Our First Bishkek Car “Crash”

My husband has driven in Bishkek for over three years without a single accident – until yesterday.  Looking at how locals drive, a lot of expats (at least those of us from the states) tend to wonder how we don’t see more car accidents.  Because there is that 20% of local drivers who seem to have taken their driving test with a bumper car purloined from one of the soviet-era amusement parks. But probabilities aside, last night saw our first actual car accident.

It happened when we were on our way to dinner at Cyclone.  We had turned off of Chuy onto Logvinenko, which is a one way street.  The car in front of us was stopped waiting for another car to back out of a parking spot and, after we too had been waiting about five seconds we heard a crunch! and felt a little jolt.

For, lo and behold, someone illegally parked between in the few feet the crosswalk and the street, had suddenly started backing out – without seeing us at all.  So yes, we were hit while stopped by a car backing out of a parking spot.

minor crash

We jumped out; the driver of the other vehicle jumped out.  Thankfully he was a rather amiable fellow and not a bear (despite his rather appalling driving habits).  Instead of ensuing in the shouting match that usually follows Kyrgyzstan car crashes we shook hands, introduced ourselves, and called the insurance company. The driver was an older, genial-looking government worker of some rank high enough to justify his glossy black Toyota Land Cruiser and assurance of self exhibited in flaunting traffic laws right across the street from the seat of state (It later turned out he’s a member of parliament…I only hope his colleagues have more hindsight).  Apparently he hadn’t seen us in his mirrors and didn’t have parking sensors?  Anyway, after about 10 minutes of looking at the damage (a mere scratch and barely visible crack on our rear right door, a huge gash in his bumper hanging like a broken arm), the insurance agent arrived, looked at the damage, told the other driver how much he would have to pay, took his info, and told us to send the car the next day. We parked and went on to dinner; the other driver hopped back in his car and sped off…the wrong way down the one way followed by a very illegal left turn onto Chuy…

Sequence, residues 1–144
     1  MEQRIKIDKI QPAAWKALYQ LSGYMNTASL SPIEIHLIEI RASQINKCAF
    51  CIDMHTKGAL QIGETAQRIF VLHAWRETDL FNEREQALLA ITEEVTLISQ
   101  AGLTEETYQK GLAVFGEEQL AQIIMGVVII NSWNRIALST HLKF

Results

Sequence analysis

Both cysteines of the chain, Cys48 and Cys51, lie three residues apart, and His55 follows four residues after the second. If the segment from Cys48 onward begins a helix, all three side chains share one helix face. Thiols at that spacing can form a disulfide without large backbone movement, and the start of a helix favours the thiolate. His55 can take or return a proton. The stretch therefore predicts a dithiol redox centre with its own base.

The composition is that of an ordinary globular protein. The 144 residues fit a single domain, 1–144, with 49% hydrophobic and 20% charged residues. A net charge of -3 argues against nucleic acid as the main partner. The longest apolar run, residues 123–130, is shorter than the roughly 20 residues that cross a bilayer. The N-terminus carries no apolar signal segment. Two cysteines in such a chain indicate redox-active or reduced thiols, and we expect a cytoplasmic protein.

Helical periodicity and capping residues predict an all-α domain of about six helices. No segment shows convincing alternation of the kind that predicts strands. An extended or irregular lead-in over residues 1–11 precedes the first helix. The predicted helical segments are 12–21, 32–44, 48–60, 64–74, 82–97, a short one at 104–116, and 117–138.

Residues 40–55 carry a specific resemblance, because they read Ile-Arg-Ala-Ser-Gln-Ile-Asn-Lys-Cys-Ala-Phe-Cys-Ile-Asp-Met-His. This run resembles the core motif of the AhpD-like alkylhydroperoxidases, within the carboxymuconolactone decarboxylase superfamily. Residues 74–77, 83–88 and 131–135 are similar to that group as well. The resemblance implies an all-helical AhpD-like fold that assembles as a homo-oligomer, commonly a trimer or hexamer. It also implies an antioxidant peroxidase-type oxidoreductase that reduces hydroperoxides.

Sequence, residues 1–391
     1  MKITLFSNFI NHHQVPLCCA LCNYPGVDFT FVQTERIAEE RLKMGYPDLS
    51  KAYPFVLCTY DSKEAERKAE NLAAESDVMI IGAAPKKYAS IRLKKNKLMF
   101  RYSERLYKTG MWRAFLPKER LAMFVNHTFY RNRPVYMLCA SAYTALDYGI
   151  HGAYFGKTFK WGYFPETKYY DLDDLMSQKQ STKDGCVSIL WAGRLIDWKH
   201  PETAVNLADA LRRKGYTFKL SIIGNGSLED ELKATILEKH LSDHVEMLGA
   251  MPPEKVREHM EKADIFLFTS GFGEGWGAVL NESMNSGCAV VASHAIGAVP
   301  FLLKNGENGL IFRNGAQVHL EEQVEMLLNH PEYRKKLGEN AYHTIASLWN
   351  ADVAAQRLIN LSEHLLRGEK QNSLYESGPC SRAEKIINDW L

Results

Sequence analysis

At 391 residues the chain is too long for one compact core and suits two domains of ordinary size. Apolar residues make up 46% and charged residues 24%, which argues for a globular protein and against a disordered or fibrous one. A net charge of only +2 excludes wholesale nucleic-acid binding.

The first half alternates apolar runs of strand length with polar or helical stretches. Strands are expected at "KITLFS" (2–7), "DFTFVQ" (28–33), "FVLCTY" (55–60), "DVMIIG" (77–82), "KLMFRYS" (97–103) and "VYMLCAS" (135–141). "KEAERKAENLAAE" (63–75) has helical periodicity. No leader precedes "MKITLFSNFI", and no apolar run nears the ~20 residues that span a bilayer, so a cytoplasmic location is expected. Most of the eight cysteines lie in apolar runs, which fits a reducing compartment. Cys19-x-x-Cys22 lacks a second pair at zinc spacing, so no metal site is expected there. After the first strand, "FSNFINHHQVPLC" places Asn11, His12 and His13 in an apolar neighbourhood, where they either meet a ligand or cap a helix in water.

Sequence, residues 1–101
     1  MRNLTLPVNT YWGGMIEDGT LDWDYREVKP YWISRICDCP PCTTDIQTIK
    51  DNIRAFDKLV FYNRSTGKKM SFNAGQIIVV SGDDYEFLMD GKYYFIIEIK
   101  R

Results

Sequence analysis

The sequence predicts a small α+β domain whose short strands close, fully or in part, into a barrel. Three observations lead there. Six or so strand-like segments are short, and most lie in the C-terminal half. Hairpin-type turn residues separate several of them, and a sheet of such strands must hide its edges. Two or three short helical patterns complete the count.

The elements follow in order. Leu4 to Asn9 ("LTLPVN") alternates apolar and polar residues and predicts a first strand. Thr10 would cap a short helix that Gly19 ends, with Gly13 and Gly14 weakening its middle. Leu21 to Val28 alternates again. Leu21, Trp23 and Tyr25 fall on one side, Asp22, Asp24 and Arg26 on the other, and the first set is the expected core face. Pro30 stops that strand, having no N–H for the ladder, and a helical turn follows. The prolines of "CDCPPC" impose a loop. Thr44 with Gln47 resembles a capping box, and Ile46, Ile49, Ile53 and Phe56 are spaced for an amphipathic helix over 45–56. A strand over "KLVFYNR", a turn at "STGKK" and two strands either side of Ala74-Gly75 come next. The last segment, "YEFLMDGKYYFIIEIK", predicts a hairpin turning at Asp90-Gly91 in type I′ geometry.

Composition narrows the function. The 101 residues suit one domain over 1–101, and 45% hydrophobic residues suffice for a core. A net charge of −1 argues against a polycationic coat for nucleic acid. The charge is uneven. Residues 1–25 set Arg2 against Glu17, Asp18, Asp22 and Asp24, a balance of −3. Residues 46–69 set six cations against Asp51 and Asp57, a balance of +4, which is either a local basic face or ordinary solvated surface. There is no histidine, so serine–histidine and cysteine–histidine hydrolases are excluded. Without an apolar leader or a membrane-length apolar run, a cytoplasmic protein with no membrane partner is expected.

Lessons to take away:

  • Get insurance (I would recommend the one we have).  Not only does it cover accidents that you cause, it also eliminates the entire hassle of arguing with other drivers about who owes who so much, actually extracting compensation from the other driver, and finding a reliable mechanic. And at around $200 a year (that’s $17 a month) it’s really not going to make a dent in your budget.
  • Don’t buy a Toyota. One would think that the much larger SUV (at 5,815 pounds) would have suffered less damage than out car (a mere 3,825 pounds), but an audi is like a bull and I bet he wished he had our insurance. Just because your car is bigger doesn’t mean it’s less impervious to damage.  I’ll now feel much more secure driving around town.
  • Don’t assume other drivers are actually aware of the cars around them, or actually look before backing up.  This isn’t the first time this has happened – on Wednesday afternoon I was driving through our apartment parking lot when a car almost backed into me coming out of a parking space just as I was driving past.  He didn’t stop until I honked – obviously wasn’t looking or using parking sensors.  Not long ago in the Beta 2 parking lot a girl almost backed into our car three times in a row while maneuvering out of a bad parking spot. Because she too just drove straight backwards without looking. So look around you and always be alert – simply being a good driver won’t shield you from all accidents.

Alas, another saga to add to Driving in Bishkek.

 

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